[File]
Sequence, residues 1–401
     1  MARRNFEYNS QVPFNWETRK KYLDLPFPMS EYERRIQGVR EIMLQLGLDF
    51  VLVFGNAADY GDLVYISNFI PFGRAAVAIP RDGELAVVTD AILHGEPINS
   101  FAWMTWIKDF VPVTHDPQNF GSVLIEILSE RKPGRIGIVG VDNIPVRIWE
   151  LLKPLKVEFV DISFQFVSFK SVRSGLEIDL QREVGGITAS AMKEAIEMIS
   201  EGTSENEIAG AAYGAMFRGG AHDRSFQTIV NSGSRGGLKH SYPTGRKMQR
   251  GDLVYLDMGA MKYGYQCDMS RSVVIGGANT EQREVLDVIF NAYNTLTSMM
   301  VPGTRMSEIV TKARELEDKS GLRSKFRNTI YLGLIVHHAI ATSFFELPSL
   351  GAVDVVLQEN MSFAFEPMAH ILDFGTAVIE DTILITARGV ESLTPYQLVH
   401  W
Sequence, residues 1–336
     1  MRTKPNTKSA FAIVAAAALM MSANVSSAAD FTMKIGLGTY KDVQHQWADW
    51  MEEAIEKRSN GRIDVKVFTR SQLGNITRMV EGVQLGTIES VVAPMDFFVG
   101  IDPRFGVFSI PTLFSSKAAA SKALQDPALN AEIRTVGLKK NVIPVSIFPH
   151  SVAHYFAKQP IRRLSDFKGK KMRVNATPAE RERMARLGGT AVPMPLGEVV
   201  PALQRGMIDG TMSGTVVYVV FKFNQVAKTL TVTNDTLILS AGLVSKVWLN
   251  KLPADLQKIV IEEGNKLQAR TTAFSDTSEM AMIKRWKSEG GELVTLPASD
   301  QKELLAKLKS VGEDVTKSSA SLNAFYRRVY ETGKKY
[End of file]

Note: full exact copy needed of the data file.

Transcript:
Sequence, residues 1–401
     1  MARRNFEYNS QVPFNWETRK KYLDLPFPMS EYERRIQGVR EIMLQLGLDF
    51  VLVFGNAADY GDLVYISNFI PFGRAAVAIP RDGELAVVTD AILHGEPINS
   101  FAWMTWIKDF VPVTHDPQNF GSVLIEILSE RKPGRIGIVG VDNIPVRIWE
   151  LLKPLKVEFV DISFQFVSFK SVRSGLEIDL QREVGGITAS AMKEAIEMIS
   201  EGTSENEIAG AAYGAMFRGG AHDRSFQTIV NSGSRGGLKH SYPTGRKMQR
   251  GDLVYLDMGA MKYGYQCDMS RSVVIGGANT EQREVLDVIF NAYNTLTSMM
   301  VPGTRMSEIV TKARELEDKS GLRSKFRNTI YLGLIVHHAI ATSFFELPSL
   351  GAVDVVLQEN MSFAFEPMAH ILDFGTAVIE DTILITARGV ESLTPYQLVH
   401  W
Sequence, residues 1–336
     1  MRTKPNTKSA FAIVAAAALM MSANVSSAAD FTMKIGLGTY KDVQHQWADW
    51  MEEAIEKRSN GRIDVKVFTR SQLGNITRMV EGVQLGTIES VVAPMDFFVG
   101  IDPRFGVFSI PTLFSSKAAA SKALQDPALN AEIRTVGLKK NVIPVSIFPH
   151  SVAHYFAKQP IRRLSDFKGK KMRVNATPAE RERMARLGGT AVPMPLGEVV
   201  PALQRGMIDG TMSGTVVYVV FKFNQVAKTL TVTNDTLILS AGLVSKVWLN
   251  KLPADLQKIV IEEGNKLQAR TTAFSDTSEM AMIKRWKSEG GELVTLPASD
   301  QKELLAKLKS VGEDVTKSSA SLNAFYRRVY ETGKKY